Cameroon (Face2FaceAfrica) The prevalence rate of female genital mutilation (FGM) in the West and Central Africa State of the Republic of Cameroon stands at 1.4 percent, according to Cameroon’s Minister of Women’s Empowerment and the Family Prof. Mrs. Marie Therese Abena Ondoa.
Ondoa made the pronouncement about FGM in Cameroon’s upper house of parliament, the Senate, as she presented an advocacy speech in the capital, Yaoundé. She then called on senators to join and support her ministerial department in the fight against female genital mutilation.
And in response, all 100 Senators from 10 regions of the republic pledged to accompany the government through the ministry to completely eradicate the practice.
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Senator and former Prime Minister of Cameroon Simon Achidi Achu, from the North West constituency, told state broadcaster CRTV, ‘’That it [FGM] is a moral evil; it is a civil evil against mankind and God. We intend to give the minister our wholehearted support because it is an error in Cameroon that we have to correct.’’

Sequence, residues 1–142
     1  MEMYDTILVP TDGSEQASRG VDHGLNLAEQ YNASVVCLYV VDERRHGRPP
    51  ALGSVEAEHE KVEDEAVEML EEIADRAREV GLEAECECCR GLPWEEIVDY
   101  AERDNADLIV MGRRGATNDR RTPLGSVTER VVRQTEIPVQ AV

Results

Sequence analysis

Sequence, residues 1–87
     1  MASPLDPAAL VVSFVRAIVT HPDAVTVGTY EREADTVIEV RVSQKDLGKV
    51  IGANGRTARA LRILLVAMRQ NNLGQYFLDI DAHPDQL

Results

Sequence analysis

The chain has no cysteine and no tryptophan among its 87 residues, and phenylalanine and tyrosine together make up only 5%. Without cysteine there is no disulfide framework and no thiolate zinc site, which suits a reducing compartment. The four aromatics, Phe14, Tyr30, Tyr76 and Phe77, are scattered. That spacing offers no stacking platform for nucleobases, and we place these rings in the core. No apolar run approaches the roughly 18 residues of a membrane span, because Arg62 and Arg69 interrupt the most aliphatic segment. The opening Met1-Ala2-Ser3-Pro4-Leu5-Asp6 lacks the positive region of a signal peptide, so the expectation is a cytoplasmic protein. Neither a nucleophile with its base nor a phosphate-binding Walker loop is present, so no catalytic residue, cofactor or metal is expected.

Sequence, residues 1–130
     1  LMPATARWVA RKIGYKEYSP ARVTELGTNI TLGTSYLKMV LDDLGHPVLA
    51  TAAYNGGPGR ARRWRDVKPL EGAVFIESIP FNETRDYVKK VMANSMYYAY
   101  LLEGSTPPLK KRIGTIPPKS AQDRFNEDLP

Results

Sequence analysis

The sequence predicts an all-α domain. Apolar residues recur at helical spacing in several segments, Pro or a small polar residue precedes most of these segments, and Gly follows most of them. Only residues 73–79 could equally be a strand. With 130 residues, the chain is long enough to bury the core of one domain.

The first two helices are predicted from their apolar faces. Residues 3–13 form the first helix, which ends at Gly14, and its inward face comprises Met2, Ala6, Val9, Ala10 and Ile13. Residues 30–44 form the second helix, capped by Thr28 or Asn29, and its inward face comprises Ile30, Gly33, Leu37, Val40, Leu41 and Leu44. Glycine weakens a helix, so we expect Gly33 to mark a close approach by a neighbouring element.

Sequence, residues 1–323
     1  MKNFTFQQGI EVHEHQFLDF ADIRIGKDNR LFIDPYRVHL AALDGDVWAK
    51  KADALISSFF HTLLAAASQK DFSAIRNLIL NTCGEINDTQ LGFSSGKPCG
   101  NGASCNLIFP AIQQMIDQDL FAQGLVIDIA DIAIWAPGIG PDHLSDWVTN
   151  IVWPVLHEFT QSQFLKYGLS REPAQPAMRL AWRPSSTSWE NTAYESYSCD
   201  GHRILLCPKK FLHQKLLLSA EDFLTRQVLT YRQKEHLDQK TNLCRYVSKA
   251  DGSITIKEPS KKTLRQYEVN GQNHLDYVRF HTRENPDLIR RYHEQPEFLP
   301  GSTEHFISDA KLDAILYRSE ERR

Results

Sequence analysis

Watch a video about FGM and the treatment of one woman who didn’t get it in her community here:
Some 20 percent of girls and women who are living in the East, South West, and the North Regions of Cameroon suffer from female genital mutilation, according to the Minister.
FGM involves the total or partial removal of the female external genitalia, which causes severe pains, bleeding, infections, infertility, and complications during child birth.
‘’This is an important issue at this particular moment. Women are victims of violence of all sorts, and this particular violence is so serious that we have to start with it. It is only the beginning and not the end,’’ Ondoa explained.
British High Commissioner, Ambassador to Cameroon Bryan Ole, who was present in the Senate, told the press that Britain is ready to provide financial assistance to support the fight against the practice, ‘’ The United Kingdom has been spending over 23 million pounds around the world because this is a global phenomenon, and we will continue to help in every way we can, including my personal support in education and development projects.’’
Since 2003, the Cameroonian government adopted a law to protect the right and health of young girls and women as well as their dignity. Still, feminists have continued to express anxiety around the issue. They are now putting pressure on Cameroon President Paul Biya to enact a legislature on female genital mutilation.